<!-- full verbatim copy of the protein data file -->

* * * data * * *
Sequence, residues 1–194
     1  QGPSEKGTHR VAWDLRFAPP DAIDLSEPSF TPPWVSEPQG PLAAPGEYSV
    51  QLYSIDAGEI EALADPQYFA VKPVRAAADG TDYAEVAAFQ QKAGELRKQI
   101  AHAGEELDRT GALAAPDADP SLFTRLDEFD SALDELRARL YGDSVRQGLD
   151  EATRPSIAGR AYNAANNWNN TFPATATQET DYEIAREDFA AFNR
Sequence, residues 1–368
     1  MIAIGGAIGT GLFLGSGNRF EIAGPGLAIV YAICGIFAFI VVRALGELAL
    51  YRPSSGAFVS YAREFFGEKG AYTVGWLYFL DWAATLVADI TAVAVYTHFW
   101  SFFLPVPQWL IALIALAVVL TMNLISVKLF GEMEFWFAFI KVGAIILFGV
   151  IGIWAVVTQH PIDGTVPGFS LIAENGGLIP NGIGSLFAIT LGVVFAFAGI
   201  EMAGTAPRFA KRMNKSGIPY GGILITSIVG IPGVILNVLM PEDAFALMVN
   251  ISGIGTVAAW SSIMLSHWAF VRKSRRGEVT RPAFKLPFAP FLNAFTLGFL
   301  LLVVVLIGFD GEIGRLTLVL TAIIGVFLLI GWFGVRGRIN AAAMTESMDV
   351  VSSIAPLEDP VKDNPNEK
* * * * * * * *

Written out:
Sequence, residues 1–194
     1  QGPSEKGTHR VAWDLRFAPP DAIDLSEPSF TPPWVSEPQG PLAAPGEYSV
    51  QLYSIDAGEI EALADPQYFA VKPVRAAADG TDYAEVAAFQ QKAGELRKQI
   101  AHAGEELDRT GALAAPDADP SLFTRLDEFD SALDELRARL YGDSVRQGLD
   151  EATRPSIAGR AYNAANNWNN TFPATATQET DYEIAREDFA AFNR
Sequence, residues 1–368
     1  MIAIGGAIGT GLFLGSGNRF EIAGPGLAIV YAICGIFAFI VVRALGELAL
    51  YRPSSGAFVS YAREFFGEKG AYTVGWLYFL DWAATLVADI TAVAVYTHFW
   101  SFFLPVPQWL IALIALAVVL TMNLISVKLF GEMEFWFAFI KVGAIILFGV
   151  IGIWAVVTQH PIDGTVPGFS LIAENGGLIP NGIGSLFAIT LGVVFAFAGI
   201  EMAGTAPRFA KRMNKSGIPY GGILITSIVG IPGVILNVLM PEDAFALMVN
   251  ISGIGTVAAW SSIMLSHWAF VRKSRRGEVT RPAFKLPFAP FLNAFTLGFL
   301  LLVVVLIGFD GEIGRLTLVL TAIIGVFLLI GWFGVRGRIN AAAMTESMDV
   351  VSSIAPLEDP VKDNPNEK